10) Up(cycle) and away
Have you ever reached a point where you just feel like you’ve outgrown a clothing item? It doesn’t feel like the right piece for you anymore. Before you pass it on, think about it; dresses can be shortened, sleeves cut, buttons changed, patches added. It can be fun to get creative, to breathe new life into old favourites. If you’re not a sewer, there are some amazing alterationists that can help. If you love something, but it just doesn’t feel right anymore, it’s so satisfying when that little tweak gives it a whole new look.
11) Swap shop
Got a piece you no longer wear that’s in good condition? Swap it. If you no longer wear it, then someone else may love to instead. There are lots of swap shops popping up, either being hosted among friends or by shops or small businesses. This is certainly something we’d love to host one day too. But in the meantime, try hosting a swap shop with friends, or have a look for a local swapping event. There’s even online events. And you’ll be exchanging for something new for yourself. Keeping the life our the clothes circling.
If you’re not into the swap shop, donating can be an option. Unfortunately, clothing donated to some charities just ends up creating more waste; not all clothing is in good enough condition for resale, and charities can receive more than they can even sell. It is always worth doing research beforehand to see which ones are able to take on more clothes. And there are other ways to donate clothes in good condition. Smart Works, for example, helps unemployed women back into the workplace by providing smart (donated) interview clothes. It’s really worth looking into options like this for donation, where your clothes can be used to support people.
There are so many resell platforms now, from Depop to eBay, and even the brands themselves. Did you know we have a resale scheme at Saywood?! You may not be aware of this, as let's be honest, we only launched in October 2020, so we don’t anticipate needing to open up our resale platform for a few years. Hopefully you will all want to keep your Saywood pieces a bit longer for now! But in return you will receive a voucher to spend on your next order. So we think resale is a win-win, keeping the circle going.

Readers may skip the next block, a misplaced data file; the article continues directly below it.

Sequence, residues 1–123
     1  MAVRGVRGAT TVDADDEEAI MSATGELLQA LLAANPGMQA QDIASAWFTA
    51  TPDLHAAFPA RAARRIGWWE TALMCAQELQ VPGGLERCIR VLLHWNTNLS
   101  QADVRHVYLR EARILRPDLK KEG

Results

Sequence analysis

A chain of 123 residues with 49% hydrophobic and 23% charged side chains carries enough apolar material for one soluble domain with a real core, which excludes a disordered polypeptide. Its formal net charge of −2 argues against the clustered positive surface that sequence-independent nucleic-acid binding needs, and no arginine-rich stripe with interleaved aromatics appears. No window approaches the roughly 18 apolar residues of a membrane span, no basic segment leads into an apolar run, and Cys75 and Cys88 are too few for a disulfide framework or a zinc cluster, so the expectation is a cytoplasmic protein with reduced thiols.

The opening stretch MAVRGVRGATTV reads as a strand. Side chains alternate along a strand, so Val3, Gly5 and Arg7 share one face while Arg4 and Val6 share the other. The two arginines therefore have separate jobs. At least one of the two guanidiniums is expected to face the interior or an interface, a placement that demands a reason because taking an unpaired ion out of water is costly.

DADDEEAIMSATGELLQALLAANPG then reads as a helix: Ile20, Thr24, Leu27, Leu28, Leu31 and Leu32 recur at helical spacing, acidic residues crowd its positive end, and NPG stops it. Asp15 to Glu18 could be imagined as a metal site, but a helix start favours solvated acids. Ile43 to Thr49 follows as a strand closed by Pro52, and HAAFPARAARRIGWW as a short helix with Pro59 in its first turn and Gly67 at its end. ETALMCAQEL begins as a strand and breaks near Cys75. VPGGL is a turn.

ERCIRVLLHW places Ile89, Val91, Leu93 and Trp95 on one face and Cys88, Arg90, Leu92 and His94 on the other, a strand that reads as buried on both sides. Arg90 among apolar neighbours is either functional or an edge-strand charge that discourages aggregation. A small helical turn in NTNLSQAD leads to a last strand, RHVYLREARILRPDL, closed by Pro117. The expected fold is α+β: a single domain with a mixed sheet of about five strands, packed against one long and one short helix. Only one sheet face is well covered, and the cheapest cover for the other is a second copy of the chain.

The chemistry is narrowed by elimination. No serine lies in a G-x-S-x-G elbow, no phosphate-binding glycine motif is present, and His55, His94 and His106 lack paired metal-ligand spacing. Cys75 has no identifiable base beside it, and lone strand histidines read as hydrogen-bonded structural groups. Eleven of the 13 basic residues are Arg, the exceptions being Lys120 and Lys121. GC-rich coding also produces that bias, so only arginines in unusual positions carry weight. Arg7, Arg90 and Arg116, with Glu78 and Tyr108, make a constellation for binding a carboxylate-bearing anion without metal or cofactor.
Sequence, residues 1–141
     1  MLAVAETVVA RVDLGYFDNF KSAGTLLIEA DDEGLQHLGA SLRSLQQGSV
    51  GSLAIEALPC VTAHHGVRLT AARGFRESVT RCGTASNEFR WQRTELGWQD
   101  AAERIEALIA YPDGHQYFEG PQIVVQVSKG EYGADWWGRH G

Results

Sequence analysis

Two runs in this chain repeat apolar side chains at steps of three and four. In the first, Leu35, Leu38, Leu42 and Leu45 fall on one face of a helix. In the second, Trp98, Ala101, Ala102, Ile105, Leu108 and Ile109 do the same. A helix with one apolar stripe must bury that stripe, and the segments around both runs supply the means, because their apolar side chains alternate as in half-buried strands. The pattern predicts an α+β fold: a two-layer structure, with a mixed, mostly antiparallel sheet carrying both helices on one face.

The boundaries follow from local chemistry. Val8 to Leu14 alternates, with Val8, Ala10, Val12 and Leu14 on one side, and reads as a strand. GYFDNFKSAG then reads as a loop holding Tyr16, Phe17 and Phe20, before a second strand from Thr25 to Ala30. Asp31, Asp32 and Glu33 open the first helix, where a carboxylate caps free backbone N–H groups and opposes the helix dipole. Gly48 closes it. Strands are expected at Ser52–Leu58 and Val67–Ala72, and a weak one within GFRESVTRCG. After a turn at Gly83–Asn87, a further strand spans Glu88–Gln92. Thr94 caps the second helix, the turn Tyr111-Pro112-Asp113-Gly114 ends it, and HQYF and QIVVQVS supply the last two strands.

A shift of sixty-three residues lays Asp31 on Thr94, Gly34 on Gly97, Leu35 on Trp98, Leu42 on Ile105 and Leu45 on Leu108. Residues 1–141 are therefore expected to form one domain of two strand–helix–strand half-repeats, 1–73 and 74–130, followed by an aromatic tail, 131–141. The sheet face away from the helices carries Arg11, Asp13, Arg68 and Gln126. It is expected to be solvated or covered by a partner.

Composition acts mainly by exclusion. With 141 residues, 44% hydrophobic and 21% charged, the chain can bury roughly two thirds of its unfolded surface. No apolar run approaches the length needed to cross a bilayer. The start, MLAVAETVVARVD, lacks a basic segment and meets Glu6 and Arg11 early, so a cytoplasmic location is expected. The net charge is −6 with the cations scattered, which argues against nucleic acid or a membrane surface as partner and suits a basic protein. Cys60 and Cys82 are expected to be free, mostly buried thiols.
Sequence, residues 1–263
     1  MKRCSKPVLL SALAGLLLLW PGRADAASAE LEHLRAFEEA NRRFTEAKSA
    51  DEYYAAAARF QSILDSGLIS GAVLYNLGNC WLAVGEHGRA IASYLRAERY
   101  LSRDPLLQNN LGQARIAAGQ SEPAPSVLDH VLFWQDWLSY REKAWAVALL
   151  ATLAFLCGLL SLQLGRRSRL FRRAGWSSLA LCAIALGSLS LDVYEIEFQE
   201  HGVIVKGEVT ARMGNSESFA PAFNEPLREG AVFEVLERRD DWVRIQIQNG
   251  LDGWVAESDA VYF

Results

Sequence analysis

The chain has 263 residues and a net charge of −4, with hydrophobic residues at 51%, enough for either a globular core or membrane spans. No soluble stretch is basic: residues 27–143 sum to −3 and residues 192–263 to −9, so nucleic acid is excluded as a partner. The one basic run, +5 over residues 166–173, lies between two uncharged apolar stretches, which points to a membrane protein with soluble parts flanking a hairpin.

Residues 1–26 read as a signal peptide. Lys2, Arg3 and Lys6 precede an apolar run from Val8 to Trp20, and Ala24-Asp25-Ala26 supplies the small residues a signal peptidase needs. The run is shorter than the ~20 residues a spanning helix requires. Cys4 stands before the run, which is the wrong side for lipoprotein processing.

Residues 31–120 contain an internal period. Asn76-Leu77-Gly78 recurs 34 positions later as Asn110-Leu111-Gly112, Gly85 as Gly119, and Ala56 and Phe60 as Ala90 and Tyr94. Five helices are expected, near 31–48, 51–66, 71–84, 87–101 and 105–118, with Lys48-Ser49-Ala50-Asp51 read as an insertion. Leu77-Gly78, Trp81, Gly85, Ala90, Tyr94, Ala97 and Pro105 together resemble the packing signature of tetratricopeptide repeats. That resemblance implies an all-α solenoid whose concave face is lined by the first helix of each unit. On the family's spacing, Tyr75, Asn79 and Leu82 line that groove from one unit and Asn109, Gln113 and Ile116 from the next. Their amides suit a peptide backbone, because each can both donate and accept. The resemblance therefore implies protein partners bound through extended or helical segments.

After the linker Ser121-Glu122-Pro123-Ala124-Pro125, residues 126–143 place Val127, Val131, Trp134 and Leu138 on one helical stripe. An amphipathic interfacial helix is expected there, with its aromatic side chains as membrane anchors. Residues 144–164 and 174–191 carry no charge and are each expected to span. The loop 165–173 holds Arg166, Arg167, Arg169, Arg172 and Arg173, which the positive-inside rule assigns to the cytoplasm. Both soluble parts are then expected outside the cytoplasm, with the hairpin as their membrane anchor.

13) Remember to recycle
If your clothing item has really and truly reached the end of it’s life, beyond repair, then recycling is really important. In the UK, our textile recycling has a long way to go. But slowly we are seeing some improvements. An internet search is the starting point to see where your best and nearest location is. Some councils are starting to recycle end of life textiles, and some stores are also participating in recycling schemes. At Saywood, we are also looking into bulk recycling schemes.
What we want is for the materials to be sent to recycling mills, that sort, clean, purify and shred the fibres, so they can be recycled into new cloth. This process has a long way to go in terms of accessibility, but it is happening and progress is being made. In fact, we have our Edi Volume Sleeve Shirt that is made from recycled cotton. Cellulose based cloths can also be made from recycled cotton fibres. These are pulped, processed and re-spun into new viscose.
So before you dispose of beyond repair textiles, check the textile recycling options in your area. One thing you can do to help prepare your item for recycling, is cut off any buttons - these can be reused and it is always handy to have spare buttons!
So when it comes to caring for your clothes sustainably, giving them the longest possible life, the best chance to to be passed through the generations, this is the key. Energy and water reduction, fresh air and make do and mend all go a long way to supporting this circular process. The fashion industry has a way to go themselves, but as consumers we can still get involved, do what we can to keep our clothes long lasting, and we can absolutely shout about the changes we want to see in the fashion industry to see it become not just more sustainable, but sustainable full stop.